7. I cannot whole-heartedly support the CP because of the attitude of the “self serving interest of the Denominational Carrier Professionals who have with the passing of years taken an ever increasing slice of the pie and left the missionaries with the crumbs.” It is not just the missionaries who are left with the “crumbs.” Many pastors are left to live on the crumbs also as a result of the indoctrinating they have done on the small churches of the denomination. They have created within the smaller churches of the denomination an attitude that is unbiblical. I recently talked with a church that was searching for a new pastor. They wanted a bi-vocational pastor because they were giving as much to the CP as they were willing to pay a pastor. This same church boasted to me in our interview that at one time they gave 51% of their receipts to the CP. It is ungodly when a church will boast about how much they are giving to missions and doing for missions while their pastor starves to death because the church will not support the most important missionary they have.

  8. How am I too understand, historically, the phrase I hear time and time again…that the Cooperative Program is supposed to receive the ‘tithe’ of the church? What in the world is that?! Where did that nonsense come from? Can anyone help me understand where my people are coming from?

  9. PastorLeap:
    I have been on the Kentucky Nominating Committee that past two years and what a difference a year makes. Dr. York’s presidency has begun to turn the ship around in the right directions.
    Institutions like Georgetown are on notice that it is a “new day”.
    I’m optimistic about Kentucky.
    I agree, reformed pastors must not disengage from associations, they need to bring their people to the conventions and get on commiteed.

    In fact tonight I am preaching at our associations annual meeting.
    Pray for me.
    Kevin Hash

  10. Personally, I’m a believer in the pre-Founders model- the Triennial Convention supporting international missions and nothing else. I believe what we have created in the CP has been a breeding ground for politics and putting theology on the backburner in the local church. We need to plant churches in our own regions, as they did in early America. We need to train our own pastors. I know that sounds like a logistical nightmare for some- because we have gotten so used to the current model.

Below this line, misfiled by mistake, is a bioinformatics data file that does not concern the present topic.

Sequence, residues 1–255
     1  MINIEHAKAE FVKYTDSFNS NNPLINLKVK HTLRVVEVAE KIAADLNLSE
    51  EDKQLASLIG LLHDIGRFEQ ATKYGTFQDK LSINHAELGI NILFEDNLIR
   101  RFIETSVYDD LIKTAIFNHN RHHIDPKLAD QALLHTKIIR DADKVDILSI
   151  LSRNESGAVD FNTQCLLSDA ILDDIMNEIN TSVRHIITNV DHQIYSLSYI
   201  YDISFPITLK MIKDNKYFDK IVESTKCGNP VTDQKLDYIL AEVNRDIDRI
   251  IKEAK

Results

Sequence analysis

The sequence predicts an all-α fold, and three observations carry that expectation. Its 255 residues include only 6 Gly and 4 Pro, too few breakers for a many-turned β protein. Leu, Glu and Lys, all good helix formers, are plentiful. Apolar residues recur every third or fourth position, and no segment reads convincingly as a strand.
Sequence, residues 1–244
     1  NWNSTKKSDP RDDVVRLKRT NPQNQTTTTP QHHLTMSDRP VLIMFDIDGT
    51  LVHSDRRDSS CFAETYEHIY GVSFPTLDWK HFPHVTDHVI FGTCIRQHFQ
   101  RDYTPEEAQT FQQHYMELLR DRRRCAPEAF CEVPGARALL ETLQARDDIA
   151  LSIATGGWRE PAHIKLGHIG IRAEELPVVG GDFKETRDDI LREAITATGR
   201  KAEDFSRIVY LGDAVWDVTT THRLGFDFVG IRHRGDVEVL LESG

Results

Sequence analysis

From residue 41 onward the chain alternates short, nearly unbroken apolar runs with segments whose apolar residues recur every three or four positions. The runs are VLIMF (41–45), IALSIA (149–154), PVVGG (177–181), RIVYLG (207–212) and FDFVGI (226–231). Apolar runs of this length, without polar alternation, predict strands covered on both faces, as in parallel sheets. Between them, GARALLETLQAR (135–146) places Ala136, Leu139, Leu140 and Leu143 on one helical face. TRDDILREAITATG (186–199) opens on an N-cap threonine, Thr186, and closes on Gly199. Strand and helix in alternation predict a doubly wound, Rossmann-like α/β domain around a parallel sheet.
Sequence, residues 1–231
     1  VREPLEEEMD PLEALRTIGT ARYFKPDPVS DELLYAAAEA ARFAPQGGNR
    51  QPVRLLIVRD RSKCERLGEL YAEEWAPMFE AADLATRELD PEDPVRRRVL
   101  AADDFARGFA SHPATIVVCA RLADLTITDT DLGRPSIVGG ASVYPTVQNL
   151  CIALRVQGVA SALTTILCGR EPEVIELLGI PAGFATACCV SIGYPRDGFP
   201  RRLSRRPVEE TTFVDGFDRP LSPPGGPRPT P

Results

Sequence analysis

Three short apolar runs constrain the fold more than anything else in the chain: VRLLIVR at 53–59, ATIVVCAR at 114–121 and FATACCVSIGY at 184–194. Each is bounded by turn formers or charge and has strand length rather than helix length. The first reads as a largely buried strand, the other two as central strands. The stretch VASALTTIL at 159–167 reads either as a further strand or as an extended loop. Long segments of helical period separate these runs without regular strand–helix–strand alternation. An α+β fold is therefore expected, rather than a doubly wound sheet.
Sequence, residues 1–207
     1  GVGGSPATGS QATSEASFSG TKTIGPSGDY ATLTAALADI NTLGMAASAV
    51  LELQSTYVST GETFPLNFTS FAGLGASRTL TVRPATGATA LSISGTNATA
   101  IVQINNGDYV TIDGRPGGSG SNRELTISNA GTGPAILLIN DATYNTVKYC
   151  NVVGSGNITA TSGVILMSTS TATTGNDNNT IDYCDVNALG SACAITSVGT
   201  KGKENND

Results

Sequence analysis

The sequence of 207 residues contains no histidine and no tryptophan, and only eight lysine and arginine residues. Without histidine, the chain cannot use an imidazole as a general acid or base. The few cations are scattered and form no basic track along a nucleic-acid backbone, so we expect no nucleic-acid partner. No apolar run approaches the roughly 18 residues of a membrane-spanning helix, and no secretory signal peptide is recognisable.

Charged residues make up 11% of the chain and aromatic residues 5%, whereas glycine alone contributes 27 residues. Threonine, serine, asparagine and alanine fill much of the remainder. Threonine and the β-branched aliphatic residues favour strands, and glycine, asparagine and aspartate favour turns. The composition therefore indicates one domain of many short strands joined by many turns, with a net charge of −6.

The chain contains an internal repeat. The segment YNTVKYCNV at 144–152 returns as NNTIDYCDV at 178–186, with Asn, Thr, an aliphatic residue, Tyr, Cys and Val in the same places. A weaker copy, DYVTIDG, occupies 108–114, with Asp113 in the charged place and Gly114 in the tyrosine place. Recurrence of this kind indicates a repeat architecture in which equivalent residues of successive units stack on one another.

Also, I fail to see the value of having state conventions. Not that they don’t do good things- they do; not that they don’t love Jesus- many if not all do; but haven’t we made a bureacracy of the Great Commission? One of our state conventions is on the verge of becoming an interstate convention- they’re using the “affinity” argument to justify it.

    Maybe I’m just too big a fan of simplicity.

  11. Praise God! I see a new and better time ahead for the Bible believing members of the SBC.

    PUBLIC, positive, honest, courageous discussions of the “golden calf” (aka the Cooperative Program) and Finney-ism were simply not tolerated without a very high price being paid. I write from sad personal experience.

    Genuine scriptural reformation and real spiritual revival may be coming in the very near future
    and to this glorious end many of us will continue to pray and preach!